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In 2008, struck by the dilapidation and vast size of many Indian orphanages, Pascal Fautrat founded a refuge in New Delhi, for twenty boys aged 4 to 16.
The UN High Commission for Refugees estimates that between 100,000 and 500,000 children live rough on the streets of New Delhi. Weak and vulnerable, they are exposed to abuse of all kinds. Some are placed in large centres where, according to India's National Commission for the Protection of Child Rights, they are often “treated as criminals”.
Psychologist Pascal Fautrat sought to create a refuge on a more human scale, a “home” where street children can rebuild their lives, grow, play and study. Known as Tara (“star” in Hindi), the new refuge is supported by the not-for-profit organization Chaya France.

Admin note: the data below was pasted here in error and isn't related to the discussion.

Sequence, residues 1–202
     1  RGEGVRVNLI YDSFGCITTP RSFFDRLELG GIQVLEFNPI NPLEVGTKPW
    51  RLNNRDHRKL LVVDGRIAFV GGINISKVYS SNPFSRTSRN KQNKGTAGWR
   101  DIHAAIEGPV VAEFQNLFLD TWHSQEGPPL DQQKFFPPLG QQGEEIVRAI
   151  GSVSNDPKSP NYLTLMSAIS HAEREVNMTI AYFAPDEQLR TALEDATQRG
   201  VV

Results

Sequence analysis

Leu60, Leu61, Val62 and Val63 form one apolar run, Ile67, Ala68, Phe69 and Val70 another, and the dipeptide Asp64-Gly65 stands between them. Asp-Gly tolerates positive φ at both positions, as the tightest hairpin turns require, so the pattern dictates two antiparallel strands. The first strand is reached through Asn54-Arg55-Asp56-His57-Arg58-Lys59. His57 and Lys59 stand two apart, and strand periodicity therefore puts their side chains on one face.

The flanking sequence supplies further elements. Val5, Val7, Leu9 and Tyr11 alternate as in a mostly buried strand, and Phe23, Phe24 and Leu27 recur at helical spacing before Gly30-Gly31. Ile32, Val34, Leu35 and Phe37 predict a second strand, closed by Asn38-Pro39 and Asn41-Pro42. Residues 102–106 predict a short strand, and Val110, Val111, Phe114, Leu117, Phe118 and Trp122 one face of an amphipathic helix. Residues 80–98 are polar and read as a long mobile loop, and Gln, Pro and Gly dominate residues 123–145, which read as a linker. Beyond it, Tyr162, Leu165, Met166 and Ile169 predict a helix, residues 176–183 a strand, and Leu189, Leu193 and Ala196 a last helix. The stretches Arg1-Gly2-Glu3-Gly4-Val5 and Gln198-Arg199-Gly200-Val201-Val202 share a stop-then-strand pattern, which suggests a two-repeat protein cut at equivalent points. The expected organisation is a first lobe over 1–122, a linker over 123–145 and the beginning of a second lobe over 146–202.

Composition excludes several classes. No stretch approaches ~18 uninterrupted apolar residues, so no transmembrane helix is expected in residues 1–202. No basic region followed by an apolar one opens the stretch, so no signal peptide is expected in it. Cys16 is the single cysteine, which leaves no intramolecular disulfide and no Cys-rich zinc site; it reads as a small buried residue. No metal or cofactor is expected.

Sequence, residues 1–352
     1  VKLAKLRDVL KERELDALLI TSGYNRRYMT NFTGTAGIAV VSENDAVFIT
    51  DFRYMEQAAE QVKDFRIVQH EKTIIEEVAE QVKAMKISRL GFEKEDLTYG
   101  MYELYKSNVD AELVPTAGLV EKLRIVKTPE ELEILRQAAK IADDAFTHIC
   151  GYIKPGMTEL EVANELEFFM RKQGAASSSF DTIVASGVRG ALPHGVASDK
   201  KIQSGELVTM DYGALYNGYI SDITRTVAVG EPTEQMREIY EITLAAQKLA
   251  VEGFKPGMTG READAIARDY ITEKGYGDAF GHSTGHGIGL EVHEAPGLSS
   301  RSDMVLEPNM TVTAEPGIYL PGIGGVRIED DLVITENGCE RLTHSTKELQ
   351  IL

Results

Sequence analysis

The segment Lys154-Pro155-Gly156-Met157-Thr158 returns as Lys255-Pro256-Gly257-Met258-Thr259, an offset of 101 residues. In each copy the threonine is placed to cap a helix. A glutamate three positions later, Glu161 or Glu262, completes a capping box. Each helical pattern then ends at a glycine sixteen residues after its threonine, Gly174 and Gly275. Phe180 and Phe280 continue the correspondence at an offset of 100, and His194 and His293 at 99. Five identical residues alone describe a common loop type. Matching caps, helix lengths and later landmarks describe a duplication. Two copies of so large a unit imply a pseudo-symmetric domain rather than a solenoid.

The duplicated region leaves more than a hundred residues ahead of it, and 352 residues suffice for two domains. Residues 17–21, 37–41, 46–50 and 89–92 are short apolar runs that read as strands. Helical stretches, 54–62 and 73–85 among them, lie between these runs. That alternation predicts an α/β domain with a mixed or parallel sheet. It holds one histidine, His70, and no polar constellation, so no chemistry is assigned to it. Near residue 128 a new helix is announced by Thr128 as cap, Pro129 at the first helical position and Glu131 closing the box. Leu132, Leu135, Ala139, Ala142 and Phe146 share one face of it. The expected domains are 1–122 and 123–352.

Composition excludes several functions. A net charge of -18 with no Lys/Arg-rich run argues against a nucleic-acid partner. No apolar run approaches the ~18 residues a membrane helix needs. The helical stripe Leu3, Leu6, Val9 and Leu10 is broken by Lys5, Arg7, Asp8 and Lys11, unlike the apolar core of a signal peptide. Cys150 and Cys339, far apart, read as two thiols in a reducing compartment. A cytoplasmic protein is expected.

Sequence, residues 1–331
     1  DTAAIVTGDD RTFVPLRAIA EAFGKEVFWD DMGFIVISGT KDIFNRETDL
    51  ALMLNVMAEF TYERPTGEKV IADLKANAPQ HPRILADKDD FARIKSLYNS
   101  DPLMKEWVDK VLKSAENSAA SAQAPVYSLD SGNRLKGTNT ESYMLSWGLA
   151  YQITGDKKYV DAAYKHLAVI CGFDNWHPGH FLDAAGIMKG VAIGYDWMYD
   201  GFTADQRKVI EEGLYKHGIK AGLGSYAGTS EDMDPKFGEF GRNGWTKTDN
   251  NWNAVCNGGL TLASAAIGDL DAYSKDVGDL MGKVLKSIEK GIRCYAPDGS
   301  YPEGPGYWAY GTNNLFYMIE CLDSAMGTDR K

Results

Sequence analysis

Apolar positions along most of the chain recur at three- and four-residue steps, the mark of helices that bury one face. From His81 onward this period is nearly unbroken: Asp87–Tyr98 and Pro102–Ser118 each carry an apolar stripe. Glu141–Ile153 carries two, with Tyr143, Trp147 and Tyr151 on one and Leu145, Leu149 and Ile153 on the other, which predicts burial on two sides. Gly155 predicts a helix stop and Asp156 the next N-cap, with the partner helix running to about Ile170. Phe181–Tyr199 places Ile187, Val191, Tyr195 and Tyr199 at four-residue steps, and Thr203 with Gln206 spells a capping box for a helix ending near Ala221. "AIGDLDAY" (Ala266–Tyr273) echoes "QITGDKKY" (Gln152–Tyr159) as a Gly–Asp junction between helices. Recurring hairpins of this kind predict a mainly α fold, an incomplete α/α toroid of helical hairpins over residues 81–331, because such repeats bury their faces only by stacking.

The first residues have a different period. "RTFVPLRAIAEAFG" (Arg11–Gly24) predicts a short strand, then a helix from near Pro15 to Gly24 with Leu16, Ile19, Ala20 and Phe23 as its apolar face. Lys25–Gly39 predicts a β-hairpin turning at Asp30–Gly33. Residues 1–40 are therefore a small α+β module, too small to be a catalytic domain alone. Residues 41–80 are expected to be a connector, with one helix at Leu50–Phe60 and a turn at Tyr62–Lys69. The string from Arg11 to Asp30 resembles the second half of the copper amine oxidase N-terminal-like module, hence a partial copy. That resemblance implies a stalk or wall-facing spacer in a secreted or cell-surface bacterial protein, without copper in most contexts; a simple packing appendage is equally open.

Boys at the refuge study English, Hindi, maths, history, geography and science, with the ultimate aim of reintegrating into established schools and universities in New Delhi. They also take part in a wide range of cultural activities (singing, drama, painting, photography, video) and physical recreation (yoga, dance, taekwondo, cricket).
The Fondation d'entreprise Hermès salutes the work of the Tara Project, promoting education as a means of social integration. Tara's founders refuse to see poverty as an insurmountable obstacle: young people can escape deprivation and complete their education, with brilliant results.
Annual support 2010